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Dr Caren Baruch Feldman, Ph.D.
      
       

BACK BY POPULAR DEMAND: Got Grit? Got Growth? Got Marshmallows? Strategies to Increase Self–Control and Resilience in the Lives of Our Children: Part 2

In Part 2 of this blog, I will discuss strategies parents and teachers can use to increase self-control, grit, and resilience in their children. Grit and self-control go hand-in-hand. Self-control is about delaying gratification and resisting temptations, while grit is about persevering and remaining on track. Grit is about how to keep saying “yes” (e.g., staying with a difficult task) when yes is needed. Whereas self-control is often about how to say, “no” (e.g., not eating the marshmallow, not yelling), when no is needed. According to Dr. Duckworth, “grit is passion and perseverance, sticking with your future, day in and day out.”

How do you encourage grit, self-control, and resilience in your children?

1. Don’t swoop in.

It is easy as a parent to break into the “mama tiger,” the part of you that wants to protect your children and solve their issues. However, for small matters, resist! Having some challenges to overcome is good for children. For example, as an Elementary School psychologist, I often help youngsters who are experiencing friendship issues. Although I feel for the children (mostly girls) going through it, I know that these experiences will give them strength, thicker skin, and grit later on.

2. We need to be gritty about our kids being gritty.

As parents and teachers, we should make it okay for children to face challenges because that is where learning takes place. As teachers, we should create classrooms where trying, struggling, and taking risks are as important, or even more important, as getting the answer correct. Children need to become comfortable with the struggle so they see it as just a normal part of learning.

3. We need to encourage a growth mindset.

How do we do that? Help your children to see that when a challenge arises, there is always an opportunity for growth, change, and evolution. Dr. Carol Dweck, in her book, Mindset: The New Psychology of Success, describes the difference between a “fixed” and a “growth mindset.” A fixed mindset means that an individual has a set amount, or a fixed amount of talents and abilities. Individuals with a fixed mindset often go through life avoiding challenges and failure. They don’t apply themselves. Why should they? Their talents are fixed. Kids with fixed mindsets can often easily navigate the younger grades, but when they face their first challenge in the later grades, fall apart and quit, rather than persevere. In contrast, individuals with a growth mindset believe that their ability to learn is not fixed, but can change with effort. Failure is not seen as a permanent condition, but rather one from which to grow.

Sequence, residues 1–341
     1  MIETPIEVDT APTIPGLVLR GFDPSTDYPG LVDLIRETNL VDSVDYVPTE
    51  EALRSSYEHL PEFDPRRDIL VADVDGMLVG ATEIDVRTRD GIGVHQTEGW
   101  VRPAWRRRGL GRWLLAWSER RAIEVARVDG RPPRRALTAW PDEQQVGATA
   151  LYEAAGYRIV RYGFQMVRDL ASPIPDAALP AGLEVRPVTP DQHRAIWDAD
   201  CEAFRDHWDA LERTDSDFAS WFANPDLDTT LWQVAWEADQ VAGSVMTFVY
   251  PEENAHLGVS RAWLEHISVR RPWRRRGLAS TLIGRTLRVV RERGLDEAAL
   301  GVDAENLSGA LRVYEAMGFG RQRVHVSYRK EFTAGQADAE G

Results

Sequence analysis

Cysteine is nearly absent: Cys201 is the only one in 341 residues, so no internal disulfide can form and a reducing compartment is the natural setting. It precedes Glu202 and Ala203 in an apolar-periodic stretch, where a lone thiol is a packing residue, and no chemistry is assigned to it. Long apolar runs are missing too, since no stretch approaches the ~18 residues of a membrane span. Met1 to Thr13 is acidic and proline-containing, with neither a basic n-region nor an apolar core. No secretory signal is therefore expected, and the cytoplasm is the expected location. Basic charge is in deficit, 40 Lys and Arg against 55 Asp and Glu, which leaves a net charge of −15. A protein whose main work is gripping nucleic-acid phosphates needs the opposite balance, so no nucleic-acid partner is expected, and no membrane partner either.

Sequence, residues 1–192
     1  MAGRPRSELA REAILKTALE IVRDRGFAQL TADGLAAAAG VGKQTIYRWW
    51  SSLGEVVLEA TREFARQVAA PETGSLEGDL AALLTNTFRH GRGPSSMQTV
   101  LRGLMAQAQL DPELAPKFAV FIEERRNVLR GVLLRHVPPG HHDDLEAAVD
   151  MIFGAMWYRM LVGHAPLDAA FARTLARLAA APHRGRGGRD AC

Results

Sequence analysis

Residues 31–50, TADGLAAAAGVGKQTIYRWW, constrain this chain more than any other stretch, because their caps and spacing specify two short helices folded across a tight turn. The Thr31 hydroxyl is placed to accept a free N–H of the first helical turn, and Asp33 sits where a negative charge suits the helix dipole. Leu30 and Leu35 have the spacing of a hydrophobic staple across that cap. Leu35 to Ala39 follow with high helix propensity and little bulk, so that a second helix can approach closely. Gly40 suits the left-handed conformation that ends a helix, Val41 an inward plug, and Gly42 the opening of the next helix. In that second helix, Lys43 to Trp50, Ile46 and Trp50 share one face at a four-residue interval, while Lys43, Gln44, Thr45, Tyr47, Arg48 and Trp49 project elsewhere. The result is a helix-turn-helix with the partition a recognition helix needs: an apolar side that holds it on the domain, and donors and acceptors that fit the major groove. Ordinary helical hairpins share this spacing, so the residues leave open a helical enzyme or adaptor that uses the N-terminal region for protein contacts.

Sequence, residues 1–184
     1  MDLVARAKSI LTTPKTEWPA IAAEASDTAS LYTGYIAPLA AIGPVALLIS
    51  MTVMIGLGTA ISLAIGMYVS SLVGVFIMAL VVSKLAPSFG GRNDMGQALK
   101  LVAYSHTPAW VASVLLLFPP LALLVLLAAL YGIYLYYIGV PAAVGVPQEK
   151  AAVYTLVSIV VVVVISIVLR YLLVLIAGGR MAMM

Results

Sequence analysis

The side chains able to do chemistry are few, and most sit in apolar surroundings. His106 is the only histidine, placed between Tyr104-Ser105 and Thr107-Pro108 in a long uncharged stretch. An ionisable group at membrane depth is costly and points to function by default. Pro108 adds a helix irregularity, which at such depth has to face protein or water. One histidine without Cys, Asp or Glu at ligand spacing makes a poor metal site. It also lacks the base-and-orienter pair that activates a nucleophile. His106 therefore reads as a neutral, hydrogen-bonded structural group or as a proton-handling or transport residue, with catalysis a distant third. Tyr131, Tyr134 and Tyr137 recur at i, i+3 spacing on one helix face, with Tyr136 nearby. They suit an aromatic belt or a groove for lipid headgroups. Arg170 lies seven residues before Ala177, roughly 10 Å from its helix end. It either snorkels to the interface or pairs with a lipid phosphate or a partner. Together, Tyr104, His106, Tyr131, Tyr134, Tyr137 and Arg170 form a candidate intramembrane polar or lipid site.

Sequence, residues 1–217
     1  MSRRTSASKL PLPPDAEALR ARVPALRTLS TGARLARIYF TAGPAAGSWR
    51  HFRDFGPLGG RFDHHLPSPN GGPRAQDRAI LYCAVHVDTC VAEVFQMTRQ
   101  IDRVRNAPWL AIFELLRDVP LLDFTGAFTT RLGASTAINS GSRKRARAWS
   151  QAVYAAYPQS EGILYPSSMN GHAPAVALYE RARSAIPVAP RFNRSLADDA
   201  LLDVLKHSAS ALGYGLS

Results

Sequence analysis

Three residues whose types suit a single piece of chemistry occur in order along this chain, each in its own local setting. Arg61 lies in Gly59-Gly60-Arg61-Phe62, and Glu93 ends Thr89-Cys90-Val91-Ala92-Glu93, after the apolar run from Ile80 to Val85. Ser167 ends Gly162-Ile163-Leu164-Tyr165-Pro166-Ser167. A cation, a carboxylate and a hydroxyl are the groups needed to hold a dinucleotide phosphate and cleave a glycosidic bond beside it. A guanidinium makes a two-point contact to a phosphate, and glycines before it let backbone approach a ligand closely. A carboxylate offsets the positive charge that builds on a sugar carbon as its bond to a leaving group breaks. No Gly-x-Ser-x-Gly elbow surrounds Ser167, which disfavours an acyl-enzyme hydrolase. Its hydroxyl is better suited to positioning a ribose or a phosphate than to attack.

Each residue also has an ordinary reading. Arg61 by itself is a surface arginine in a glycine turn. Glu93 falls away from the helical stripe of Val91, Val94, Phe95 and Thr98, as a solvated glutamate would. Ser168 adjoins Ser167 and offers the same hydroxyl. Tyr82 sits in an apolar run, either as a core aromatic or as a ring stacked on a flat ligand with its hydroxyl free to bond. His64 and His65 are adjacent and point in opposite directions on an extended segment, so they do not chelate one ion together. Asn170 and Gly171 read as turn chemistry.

4. Praise the process, not the product.

Dr. Dweck speaks about the importance of parents and teachers praising the process as opposed to the product. By doing so, children will be more willing to grow and challenge themselves rather than play it safe. As parents and teachers, we need to move away from “you are so smart” and instead to “you must have worked really hard.”

5. Change the mindset.

For all these strategies, one needs to change one’s mindset. Certain mindsets elicit the long-term part of the brain to emerge, and certain mindsets encourage the short-term, immediate gratification part to come out. For example, distracting oneself, not focusing on the hot aspects of the item (looking, smelling, and touching), changing the item to something less desirable, and focusing on the end goal, encourages self-control, grit, and resilience. The point is not to be a robot who never engages in fun activities, but instead to have yourself or your children be in charge of their fate, instead of having the short-term, hedonistic part of the brain take over.

In summary, we need to encourage our children to live their lives as though it were a marathon and not a sprint, to perceive challenges as setbacks to overcome, and failures as learning opportunities. Lastly, we need to lead by example, share our own gritty times, and remind our children that what is often most meaningful comes with work and effort.

If you like these ideas, I encourage you to read Dr. Duckworth’s Grit: The Power of Passion and Perseverance,Dr. Mischel’s, The Marshmallow Test: Mastering Self Control, and Dr. Dweck’s, Mindset: The New Psychology of Success.

Please check out my website at drbaruchfeldman.com for additional blogs, articles, and information about my forthcoming book titled, The Grit Guide for Teens: A Workbook to Help You Build Perseverance, Self-Control, and a Growth Mindset. You can pre-order it through my website www.drbaruchfeldman.com/book. 

caren-baruch feldmanDr. Caren Baruch-Feldman has had success using Cognitive Behavioral Therapy to help children and adults with depression, anxiety, stress, ADHD and weight loss. She maintains a private practice in Scarsdale and works part-time as a school psychologist in Westchester County, New York. Caren is expert in conducting and interpreting psycho-educational evaluations. For many years Caren was the Camp Psychologist at Camp Ramah in Nyack, NY.  Caren has trained hundreds of teachers, administrators, parents and healthcare professionals giving in-service workshops and lectures throughout the country. Caren can be reached at (914) 646-9030 or by using the Contact Form.
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